Analyses of the marine geophysical data collected in four oceanographic cruises during 1974–2008 inside the Gulf of Kachchh, northwest India was done, and geology and crustal structure were interpreted for the first time. Seabed topography deduced from satellite-derived bathymetry and bathymetric investigations has revealed the tide-dominated Gulf (> 6 m high) has ${\sim}$ 50 m maximum depth along the axial part. The satellite-derived free-air gravity anomalies and their horizontal gradients together with earlier published results helped in noting major crust features like faults. Analyses of single and multi-channel seismic reflection data had enabled identifying reflection strata pattern and their continuity, wave-field and acoustic characters. 2-D model studies of ocean-bottom seismic refraction data (following ray-tracing technique), satellite-derived free-air gravity anomalies, magneto-telluric data along a profile in middle of the Gulf and magnetic anomalies near Gulf mouth have led to determine various physical properties: velocity, density, resistivity and the magnetic of the subsurface layers. They have been utilized in interpreting three-layered crust structure of the Gulf. Further, presence of ${\sim}$ 3.0 km thick low,  ${\sim}$ 3.7 km/s velocity and 2.2 gm/cc density layer overlain by about 2.1 km thick high, 4.6 km/s velocity, and 2.55 gm/cc density layer noted. Considering the physical properties in correlation with mainland geology and crustal structure from onshore Suthri-1 and inner shelf GK-01-A1 well logs and coast parallel Mandvi–Mundra deep seismic study results, low and high-velocity layers have been noted as low velocity Mesozoic sedimentary rock formations overlain by high velocity Deccan volcanic rock formations. The volcanic rock thickness increases to the east are noted. The Tertiary sediments above them are ${\sim}$ 1.2 km thick. The major crustal structures and geology identified contribute to understand regional geology, structure and tectonic framework of the Kachchh region and in particular, of the study area. The fractured Deccan volcanic rocks and their intervening intra-trappean sediments are possibly considered as potential hydrocarbon-bearing formations (?) in view of the underlying thick Mesozoic sediments.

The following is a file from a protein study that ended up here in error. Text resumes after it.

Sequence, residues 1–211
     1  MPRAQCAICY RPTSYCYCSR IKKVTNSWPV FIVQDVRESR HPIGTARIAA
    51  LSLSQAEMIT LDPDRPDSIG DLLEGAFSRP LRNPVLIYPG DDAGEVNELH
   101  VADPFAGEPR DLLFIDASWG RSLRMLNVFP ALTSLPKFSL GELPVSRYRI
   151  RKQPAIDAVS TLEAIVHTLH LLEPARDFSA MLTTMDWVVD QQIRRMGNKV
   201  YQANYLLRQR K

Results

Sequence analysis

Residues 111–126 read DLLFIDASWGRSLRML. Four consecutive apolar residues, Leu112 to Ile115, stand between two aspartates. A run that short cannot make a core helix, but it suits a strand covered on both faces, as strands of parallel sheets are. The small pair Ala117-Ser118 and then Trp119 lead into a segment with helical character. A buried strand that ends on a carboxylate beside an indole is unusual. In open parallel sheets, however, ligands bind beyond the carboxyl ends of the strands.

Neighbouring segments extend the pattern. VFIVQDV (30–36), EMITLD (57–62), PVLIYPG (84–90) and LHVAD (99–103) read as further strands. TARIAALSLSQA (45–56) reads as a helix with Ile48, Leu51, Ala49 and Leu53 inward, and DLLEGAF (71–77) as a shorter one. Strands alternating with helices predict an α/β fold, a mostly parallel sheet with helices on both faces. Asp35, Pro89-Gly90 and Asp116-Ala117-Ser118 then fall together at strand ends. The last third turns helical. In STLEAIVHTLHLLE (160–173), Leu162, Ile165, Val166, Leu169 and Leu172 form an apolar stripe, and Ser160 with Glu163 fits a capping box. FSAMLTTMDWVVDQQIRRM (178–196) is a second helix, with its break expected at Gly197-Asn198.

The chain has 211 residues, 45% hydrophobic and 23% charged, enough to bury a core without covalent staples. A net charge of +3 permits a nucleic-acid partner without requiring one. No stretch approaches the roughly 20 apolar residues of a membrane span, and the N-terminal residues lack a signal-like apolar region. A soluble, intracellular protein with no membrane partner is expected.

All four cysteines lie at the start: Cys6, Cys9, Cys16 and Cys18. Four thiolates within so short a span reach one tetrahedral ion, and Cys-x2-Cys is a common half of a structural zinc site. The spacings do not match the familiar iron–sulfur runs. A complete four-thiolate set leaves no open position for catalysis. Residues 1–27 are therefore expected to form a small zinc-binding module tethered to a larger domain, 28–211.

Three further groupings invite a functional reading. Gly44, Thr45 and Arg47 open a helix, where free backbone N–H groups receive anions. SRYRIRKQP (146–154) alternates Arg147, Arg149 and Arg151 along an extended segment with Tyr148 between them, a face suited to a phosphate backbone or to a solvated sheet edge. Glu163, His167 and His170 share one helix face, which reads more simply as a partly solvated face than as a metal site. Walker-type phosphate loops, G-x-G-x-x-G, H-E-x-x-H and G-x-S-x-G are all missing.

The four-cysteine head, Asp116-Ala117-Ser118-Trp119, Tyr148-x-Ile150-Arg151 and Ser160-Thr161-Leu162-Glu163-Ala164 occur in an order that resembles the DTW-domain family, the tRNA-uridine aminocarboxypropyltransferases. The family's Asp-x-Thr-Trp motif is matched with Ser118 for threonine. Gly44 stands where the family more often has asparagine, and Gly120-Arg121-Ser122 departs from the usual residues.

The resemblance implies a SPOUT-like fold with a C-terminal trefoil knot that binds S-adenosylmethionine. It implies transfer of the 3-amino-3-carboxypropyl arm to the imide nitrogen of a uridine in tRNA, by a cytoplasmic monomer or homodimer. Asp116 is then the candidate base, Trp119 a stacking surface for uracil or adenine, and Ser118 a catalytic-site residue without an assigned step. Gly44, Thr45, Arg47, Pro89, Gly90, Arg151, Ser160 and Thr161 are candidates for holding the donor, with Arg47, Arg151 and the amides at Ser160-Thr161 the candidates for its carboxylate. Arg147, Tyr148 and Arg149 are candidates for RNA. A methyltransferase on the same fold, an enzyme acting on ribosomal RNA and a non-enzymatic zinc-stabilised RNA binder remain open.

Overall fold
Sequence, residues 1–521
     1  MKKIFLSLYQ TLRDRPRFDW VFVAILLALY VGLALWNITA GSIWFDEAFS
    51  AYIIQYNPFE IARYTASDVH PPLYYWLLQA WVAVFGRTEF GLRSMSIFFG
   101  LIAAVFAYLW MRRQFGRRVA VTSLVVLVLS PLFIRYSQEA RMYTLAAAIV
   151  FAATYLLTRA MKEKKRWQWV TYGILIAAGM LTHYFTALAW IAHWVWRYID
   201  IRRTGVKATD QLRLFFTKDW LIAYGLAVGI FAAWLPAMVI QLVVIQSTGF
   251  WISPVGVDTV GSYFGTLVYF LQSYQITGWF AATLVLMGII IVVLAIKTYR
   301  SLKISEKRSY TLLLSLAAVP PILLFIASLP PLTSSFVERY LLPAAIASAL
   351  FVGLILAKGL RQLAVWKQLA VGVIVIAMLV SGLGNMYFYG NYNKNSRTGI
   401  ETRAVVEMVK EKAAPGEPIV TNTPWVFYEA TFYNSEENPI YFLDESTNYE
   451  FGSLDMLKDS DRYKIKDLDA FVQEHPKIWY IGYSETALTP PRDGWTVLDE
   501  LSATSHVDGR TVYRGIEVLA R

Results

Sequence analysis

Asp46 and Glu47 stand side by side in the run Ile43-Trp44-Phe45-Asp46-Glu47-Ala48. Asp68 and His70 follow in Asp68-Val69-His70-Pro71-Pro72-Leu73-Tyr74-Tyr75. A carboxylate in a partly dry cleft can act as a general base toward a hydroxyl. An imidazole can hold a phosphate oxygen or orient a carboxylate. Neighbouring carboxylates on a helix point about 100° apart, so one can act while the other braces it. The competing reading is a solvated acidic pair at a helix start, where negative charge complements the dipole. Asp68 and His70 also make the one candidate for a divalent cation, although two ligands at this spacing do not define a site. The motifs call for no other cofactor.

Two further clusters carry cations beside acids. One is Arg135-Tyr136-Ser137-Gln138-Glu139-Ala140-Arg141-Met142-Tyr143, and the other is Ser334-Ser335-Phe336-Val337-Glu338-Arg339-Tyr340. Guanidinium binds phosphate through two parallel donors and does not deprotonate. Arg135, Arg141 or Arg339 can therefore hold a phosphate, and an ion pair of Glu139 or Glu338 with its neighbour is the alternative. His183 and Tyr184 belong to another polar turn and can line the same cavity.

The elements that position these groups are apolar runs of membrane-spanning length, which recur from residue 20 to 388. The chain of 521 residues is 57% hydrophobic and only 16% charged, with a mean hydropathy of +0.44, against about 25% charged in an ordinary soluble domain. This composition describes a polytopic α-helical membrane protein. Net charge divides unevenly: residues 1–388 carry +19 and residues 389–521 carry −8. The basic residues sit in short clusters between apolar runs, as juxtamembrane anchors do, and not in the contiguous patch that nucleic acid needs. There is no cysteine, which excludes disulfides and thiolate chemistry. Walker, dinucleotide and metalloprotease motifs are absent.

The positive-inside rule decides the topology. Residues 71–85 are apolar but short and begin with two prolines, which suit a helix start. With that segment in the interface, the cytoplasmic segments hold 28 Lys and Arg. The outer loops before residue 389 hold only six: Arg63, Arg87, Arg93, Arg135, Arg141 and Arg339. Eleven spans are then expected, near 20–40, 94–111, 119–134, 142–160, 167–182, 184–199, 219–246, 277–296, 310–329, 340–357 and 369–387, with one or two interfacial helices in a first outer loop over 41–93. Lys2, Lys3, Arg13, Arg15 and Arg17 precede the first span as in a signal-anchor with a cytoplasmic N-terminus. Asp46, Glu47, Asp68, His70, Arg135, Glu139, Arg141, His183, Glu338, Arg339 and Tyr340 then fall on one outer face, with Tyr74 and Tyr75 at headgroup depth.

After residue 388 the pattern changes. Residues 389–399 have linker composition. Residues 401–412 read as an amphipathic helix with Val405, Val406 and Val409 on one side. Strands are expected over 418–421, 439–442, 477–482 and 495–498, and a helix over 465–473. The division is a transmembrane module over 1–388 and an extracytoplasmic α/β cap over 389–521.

$\bf{Highlights}$